“The Blind Side”: Controversy Springs Up Following Michael Oher’s Legal Battle With Screen-Adapted Family

BY Dora Abena Dzaka December 3, 2023 9:02 AM EDT
Photo Credit: Facebook @Michael Oher

The Oscar-winning film, The Blind Side, which portrayed Michael Oher’s idyllic life, may not have been all that it seemed.

During the promotion of his most recent book, When Your Back’s Against the Wall, the former NFL player revealed some startling information that raises doubts about the veracity of the movie’s storyline.

Michael claimed in court documents dated August 14 that the Tennessee family of Sean and Leigh Anne Tuohy—Sandra Bullock and Tim McGraw in the 2009 movie—did not adopt him when he was a teenager.

Rather, he claimed that, without his knowledge, he was put under conservatorship. He alleged that the conservatorship may have cost him millions of dollars by removing his ability to negotiate contracts and make decisions about his education and health care.

Michael Oher is therefore demanding a Tennessee judge immediately terminate the ‘’conservatorship’’ that has been in place for almost 20 years.

According to court documents submitted in Shelby County, Tennessee, on September 14, the Tuohys “vehemently denied” ever informing Oher of their intention to adopt him legally.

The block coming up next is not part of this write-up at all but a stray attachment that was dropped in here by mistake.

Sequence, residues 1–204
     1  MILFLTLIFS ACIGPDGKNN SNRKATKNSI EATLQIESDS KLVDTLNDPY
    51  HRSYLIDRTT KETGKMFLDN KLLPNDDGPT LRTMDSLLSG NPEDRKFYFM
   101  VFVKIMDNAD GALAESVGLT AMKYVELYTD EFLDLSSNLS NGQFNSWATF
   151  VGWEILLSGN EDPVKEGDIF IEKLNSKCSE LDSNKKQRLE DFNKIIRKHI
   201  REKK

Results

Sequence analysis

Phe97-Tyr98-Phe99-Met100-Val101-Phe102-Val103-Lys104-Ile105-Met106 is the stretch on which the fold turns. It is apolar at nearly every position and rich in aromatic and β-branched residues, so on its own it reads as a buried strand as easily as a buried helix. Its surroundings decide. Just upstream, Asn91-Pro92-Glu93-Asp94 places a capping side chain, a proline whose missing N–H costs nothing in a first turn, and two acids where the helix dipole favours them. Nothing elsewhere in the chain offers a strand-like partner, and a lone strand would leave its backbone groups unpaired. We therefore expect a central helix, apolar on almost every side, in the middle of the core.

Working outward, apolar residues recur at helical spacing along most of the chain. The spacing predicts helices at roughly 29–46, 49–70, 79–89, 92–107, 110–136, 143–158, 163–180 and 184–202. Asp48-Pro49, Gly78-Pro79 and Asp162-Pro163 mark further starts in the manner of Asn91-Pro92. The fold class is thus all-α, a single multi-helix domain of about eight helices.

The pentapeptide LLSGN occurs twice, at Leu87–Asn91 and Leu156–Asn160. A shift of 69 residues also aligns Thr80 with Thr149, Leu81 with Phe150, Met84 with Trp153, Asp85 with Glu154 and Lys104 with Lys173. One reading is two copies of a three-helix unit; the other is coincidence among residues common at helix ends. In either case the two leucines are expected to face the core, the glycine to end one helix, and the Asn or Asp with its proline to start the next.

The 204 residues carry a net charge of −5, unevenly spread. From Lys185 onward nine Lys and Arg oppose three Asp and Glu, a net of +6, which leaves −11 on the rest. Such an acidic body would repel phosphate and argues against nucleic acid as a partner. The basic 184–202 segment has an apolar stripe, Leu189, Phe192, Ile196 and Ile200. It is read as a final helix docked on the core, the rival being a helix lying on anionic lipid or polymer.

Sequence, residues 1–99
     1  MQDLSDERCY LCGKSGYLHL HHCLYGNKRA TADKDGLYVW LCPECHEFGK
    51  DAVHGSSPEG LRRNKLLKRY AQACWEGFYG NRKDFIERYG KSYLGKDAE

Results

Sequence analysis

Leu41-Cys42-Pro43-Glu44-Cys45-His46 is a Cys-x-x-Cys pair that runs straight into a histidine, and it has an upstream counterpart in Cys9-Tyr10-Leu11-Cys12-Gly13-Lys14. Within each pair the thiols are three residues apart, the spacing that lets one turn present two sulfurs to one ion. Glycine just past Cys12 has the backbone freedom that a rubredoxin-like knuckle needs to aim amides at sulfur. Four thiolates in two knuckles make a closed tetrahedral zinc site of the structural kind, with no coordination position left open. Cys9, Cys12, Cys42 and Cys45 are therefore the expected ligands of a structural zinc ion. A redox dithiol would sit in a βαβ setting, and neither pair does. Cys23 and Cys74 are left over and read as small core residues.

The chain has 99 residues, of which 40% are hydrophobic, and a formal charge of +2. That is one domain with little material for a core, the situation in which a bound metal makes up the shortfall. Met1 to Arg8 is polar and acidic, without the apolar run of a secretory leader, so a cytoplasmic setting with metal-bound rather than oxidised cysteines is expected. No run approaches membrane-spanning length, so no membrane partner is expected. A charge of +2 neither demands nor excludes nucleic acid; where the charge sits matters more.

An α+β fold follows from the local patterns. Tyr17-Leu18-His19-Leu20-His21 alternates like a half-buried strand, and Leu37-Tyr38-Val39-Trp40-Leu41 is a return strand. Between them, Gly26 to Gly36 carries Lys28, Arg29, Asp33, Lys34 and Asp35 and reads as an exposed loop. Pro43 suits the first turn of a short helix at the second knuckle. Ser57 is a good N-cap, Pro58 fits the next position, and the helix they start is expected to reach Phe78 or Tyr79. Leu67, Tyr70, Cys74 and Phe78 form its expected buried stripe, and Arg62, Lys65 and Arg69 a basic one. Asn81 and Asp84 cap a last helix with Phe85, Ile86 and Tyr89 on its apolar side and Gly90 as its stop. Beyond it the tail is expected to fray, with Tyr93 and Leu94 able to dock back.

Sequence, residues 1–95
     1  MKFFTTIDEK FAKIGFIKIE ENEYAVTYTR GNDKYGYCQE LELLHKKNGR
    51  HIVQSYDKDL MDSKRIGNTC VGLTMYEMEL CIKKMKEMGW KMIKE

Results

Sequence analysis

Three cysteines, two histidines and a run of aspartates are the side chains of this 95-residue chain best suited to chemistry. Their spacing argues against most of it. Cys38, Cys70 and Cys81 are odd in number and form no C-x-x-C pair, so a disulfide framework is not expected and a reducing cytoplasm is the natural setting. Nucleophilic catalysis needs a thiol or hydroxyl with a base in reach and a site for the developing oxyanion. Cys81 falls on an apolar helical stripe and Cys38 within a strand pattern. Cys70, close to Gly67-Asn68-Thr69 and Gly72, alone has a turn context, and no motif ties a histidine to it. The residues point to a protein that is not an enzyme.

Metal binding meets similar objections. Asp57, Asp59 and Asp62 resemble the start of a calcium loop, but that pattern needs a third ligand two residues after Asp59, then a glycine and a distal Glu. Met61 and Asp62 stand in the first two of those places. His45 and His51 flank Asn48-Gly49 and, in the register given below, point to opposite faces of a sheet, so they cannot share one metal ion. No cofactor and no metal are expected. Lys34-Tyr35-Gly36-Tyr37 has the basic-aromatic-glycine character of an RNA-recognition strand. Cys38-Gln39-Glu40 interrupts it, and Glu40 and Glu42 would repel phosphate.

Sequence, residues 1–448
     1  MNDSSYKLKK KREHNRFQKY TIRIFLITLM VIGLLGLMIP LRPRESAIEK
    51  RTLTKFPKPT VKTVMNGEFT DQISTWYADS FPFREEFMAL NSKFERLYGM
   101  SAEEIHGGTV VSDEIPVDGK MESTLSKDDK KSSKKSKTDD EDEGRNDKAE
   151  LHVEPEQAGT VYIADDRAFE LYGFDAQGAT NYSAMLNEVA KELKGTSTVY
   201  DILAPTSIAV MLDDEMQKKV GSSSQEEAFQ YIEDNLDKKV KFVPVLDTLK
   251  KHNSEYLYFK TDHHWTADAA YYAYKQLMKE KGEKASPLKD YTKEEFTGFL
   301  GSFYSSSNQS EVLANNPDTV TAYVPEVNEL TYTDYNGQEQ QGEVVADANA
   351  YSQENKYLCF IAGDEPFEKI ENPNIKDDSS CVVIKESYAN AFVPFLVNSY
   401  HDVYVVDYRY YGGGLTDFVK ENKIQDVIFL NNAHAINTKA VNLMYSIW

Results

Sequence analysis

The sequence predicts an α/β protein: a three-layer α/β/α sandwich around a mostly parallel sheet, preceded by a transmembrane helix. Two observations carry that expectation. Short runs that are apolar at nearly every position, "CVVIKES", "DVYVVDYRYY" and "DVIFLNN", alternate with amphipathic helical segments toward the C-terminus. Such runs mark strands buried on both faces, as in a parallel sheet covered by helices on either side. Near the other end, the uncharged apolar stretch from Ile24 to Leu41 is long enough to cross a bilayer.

In the documents, the Tuohys insisted that Oher was “like a son” to them, but “not in the legal sense.”

They claimed that the NCAA’s clarification that Oher could only play football at the University of Mississippi “if he was part of the Tuohy family in some fashion” is what ultimately led to the conservatorship.

According to the Tuohys’ court filings, conservatorship was the instrument selected to achieve this aim. “The conservatorship was established only to provide [Oher] with the option to attend any university, including Ole Miss.”

The Tuohys now declared they would not object to his request. Court records state that the Tuohys “stand ready, willing, and able to terminate the conservatorship by consent at any time.”

Here is all the information you need to know about the current court case.

Oher stated that he thought the documents he signed were adoption papers until February 2023. Oher claimed that upon entering the Tuohy family’s home, he was informed that they planned to formally adopt him and given instructions to address them as “Mom” and “Dad.”

According to Oher’s court documents submitted in Shelby County, Tennessee, Probate Court, the Tuohys perceived him as “a gullible young man whose athletic talent could be exploited for their own benefit.” “Michael was unaware that accepting the conservatorship would mean giving up his ability to enter into contracts on his own behalf.”